Lessons learnt from empowering the next generation of designers
In September, I was invited to run a week-long session teaching service design working with TECNOLÓGICO DE MONTERREY and their students in Mexico.
By empowering Mexican students to design new services that could help their local communities. Through the design challenge — How might we design better services for the local communities of Mexico that address the social challenges of sustainability, health or global equality?
The ability to travel to new countries and environments is a privilege (especially after the two-year lockdown). I’m continually learning how to enable different industries and regions to use service design. Throughout this experience, it felt vital to play a role in helping as many people as possible by exploring this discipline while being open to how different cultures apply service design.
In the future, some of the most memorable moments in my career will not be helping another multi-billion pounds/dollars organisation make more money. Giving back and inspiring the next generation to change their mindset and develop is much more rewarding. But admittedly, it doesn’t always pay the best. Balancing working between the two over the years has been a fulfilling way to work on projects I enjoy and am good at.
Why? Because there won’t be enough resources to cope with the rising complex challenges that impact different stakeholders in the future. Not everyone will be exposed to the methods, tools and thinking I and many other service designers take for granted.
From a dream to reality
Setting a clear vision for the session also started four months before landing in Mexico. This could have been less successful without working closely with people that had local context of the challenges impacting Mexico. I had a back-and-forth with some faculty team to bridge how the course could create the best learning experience. This was achieved using a learning module mixed of service design, social impact, business design and systems thinking, examples of real-life cases, practicing the work, and reflection/ feedback on their experiences.
The classic creative process for me is always trying to script out the layout. It makes life easier when I start with post-it notes on a wall or Miro board to think out loud before going into detail. This means I can have my thoughts out in the open before creating any material.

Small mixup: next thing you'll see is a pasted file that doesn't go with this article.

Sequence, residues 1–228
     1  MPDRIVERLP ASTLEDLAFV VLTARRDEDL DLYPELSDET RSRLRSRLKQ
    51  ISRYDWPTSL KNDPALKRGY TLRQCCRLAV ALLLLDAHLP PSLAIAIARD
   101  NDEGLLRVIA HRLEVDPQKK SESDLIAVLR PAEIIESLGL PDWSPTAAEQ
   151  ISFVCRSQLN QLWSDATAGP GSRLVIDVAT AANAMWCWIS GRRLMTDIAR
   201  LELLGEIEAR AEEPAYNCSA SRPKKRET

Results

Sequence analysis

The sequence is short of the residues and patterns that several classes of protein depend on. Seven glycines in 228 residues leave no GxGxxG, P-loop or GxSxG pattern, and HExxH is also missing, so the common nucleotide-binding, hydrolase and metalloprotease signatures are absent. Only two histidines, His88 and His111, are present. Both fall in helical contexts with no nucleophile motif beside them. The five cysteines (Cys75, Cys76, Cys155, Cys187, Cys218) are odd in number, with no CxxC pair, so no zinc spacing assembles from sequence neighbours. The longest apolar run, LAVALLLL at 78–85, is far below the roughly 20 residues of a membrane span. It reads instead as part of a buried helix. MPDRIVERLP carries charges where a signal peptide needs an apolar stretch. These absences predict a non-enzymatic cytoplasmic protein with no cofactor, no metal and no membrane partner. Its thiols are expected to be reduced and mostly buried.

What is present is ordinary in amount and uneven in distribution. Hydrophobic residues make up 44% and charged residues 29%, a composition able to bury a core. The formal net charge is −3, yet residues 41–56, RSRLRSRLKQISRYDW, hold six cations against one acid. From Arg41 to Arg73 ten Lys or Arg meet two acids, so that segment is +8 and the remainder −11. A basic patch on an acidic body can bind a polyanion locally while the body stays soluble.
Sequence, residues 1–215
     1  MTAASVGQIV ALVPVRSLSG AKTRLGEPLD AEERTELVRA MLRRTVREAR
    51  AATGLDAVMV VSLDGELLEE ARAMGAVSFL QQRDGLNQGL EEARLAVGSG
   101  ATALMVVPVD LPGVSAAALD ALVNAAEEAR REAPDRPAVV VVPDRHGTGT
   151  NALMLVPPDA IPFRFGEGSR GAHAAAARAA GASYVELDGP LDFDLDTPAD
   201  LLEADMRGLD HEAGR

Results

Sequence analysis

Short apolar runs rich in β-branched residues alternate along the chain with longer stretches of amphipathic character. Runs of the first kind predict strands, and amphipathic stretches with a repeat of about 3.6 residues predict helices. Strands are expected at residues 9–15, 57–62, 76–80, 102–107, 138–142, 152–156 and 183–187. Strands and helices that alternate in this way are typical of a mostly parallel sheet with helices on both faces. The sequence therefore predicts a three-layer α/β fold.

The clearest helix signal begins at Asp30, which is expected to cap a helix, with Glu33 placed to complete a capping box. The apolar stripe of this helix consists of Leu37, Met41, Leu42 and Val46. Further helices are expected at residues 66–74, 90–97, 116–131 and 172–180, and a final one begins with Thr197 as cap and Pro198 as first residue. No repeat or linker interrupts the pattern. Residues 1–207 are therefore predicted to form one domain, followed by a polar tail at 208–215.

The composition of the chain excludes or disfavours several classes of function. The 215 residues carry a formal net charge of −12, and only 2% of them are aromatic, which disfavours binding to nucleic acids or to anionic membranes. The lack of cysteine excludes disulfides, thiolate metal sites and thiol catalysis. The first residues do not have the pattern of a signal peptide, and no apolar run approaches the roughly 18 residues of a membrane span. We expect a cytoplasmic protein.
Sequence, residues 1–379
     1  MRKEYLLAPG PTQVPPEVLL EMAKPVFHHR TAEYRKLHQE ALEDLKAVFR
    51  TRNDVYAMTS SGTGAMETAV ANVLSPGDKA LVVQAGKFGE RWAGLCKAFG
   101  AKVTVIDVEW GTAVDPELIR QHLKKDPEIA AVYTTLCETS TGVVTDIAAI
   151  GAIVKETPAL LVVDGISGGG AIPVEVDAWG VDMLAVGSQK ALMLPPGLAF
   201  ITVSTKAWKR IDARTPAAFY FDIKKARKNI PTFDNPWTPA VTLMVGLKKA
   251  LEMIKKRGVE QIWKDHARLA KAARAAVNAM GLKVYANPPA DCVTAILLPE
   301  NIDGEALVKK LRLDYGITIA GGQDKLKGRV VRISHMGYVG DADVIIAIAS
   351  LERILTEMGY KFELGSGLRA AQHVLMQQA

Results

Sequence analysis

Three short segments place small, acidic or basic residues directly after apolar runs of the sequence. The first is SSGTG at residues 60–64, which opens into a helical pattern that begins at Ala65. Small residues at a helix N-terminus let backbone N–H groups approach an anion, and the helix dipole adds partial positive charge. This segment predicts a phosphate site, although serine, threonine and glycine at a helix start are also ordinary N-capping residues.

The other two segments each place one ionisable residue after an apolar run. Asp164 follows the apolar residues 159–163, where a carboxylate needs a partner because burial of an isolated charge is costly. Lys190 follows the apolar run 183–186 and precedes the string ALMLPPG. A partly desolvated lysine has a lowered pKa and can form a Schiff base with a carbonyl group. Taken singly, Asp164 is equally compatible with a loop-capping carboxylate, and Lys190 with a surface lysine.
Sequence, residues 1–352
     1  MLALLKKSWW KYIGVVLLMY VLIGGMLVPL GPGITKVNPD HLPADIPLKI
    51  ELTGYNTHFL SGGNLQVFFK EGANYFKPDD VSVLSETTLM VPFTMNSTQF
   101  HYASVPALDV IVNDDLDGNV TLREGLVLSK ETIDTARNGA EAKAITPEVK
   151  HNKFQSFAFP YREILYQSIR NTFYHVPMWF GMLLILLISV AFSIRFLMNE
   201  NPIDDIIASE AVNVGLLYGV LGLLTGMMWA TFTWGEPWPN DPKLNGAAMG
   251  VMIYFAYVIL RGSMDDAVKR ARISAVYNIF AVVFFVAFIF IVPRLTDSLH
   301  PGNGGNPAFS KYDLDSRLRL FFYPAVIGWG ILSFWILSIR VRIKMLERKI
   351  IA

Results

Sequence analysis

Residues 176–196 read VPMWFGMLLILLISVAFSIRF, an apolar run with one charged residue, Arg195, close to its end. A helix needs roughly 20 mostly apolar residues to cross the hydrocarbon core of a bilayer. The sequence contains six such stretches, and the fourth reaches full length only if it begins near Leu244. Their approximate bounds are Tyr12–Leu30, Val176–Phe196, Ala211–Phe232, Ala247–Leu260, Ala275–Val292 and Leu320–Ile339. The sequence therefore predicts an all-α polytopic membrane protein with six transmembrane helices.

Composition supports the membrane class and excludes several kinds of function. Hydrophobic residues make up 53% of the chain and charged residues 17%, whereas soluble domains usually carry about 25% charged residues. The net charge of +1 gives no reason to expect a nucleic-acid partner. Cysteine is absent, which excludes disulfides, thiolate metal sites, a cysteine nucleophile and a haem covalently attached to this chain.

Some people learn through visuals, doing or listening techniques. As the world becomes more diverse, finding the right balance by using a little theory and real-life examples. This gives the students a chance to work on different varieties of the methods.
My time in Mexico felt like a dream as some much was achieved in a short amount of time. The group was able to do the following:
- Explore two social impact challenges chosen by the participants that impacted Mexico by applying service design
- 16 real-life service design case studies for the participant to better understand how service design is currently being used in the real world across several industries.
- Work on nine service design tools/ methods in groups/individuals to develop better services around their social challenges
- One interview with a current service designer, Marcus Ma, a service designer from eBay, who shared his story as he progressed through his career in Chemistry, UX design and service design
- 275 minutes spent on practice activities; participants could take any service design theory and put it into practice by working through challenges as teams
- The use of 9 service design tools, both individually and in groups, to develop better services across different social challenges
- Bonus: One earthquake drill in the mid of the session
Planting the seeds for change (Why I am doing it)
Throughout the pandemic, society has been impacted and needed to adapt drastically in ambiguous times. Many services and experiences, from healthcare to education, have proven they are not fit for people’s needs. These shifts will impact the future of how we experience the world. With uncertainty comes opportunities to make a difference.
I find the best way I learn is through teaching others my craft. It is a great way to document thoughts gathered over time. This forces me to break down my experiences throughout my career and make them as relatable as possible to people new to my field. Honing this skill has accelerated my storytelling ability, as getting people engaged, whether it is 2 hours to 2 weeks of workshops, takes work. The approach might be various depending on who my audience is corporate clients from a tier 1 bank, students, under-represented startup founders or international leaders.
Designing and running workshops help ensure I know what I am talking about by refining my knowledge, and building materials related to what they care about is priceless. Selfishly, this gives me the license to experiment with different ideas and content throughout my experience. Being in different cultures and surroundings is an excellent opportunity to rethink how service design could work rather than a linear approach that works for everything.
Finding a way to change mindsets and inspire people with these skills has always been a rewarding experience. You can sometimes see the difference in their eyes or body language. There is a “yes, I can do this” energy.
While industries and the world, in general, are in constant flux. It is critical to support as many people as possible to become the agents of change needed to think about problems and work on solutions to address these problems.